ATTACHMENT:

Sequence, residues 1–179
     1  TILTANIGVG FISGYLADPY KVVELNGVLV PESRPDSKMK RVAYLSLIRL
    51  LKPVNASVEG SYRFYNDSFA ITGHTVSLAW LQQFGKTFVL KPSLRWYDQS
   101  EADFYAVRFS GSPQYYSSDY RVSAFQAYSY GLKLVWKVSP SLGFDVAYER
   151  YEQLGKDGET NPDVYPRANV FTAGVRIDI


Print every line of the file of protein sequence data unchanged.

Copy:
Sequence, residues 1–179
     1  TILTANIGVG FISGYLADPY KVVELNGVLV PESRPDSKMK RVAYLSLIRL
    51  LKPVNASVEG SYRFYNDSFA ITGHTVSLAW LQQFGKTFVL KPSLRWYDQS
   101  EADFYAVRFS GSPQYYSSDY RVSAFQAYSY GLKLVWKVSP SLGFDVAYER
   151  YEQLGKDGET NPDVYPRANV FTAGVRIDI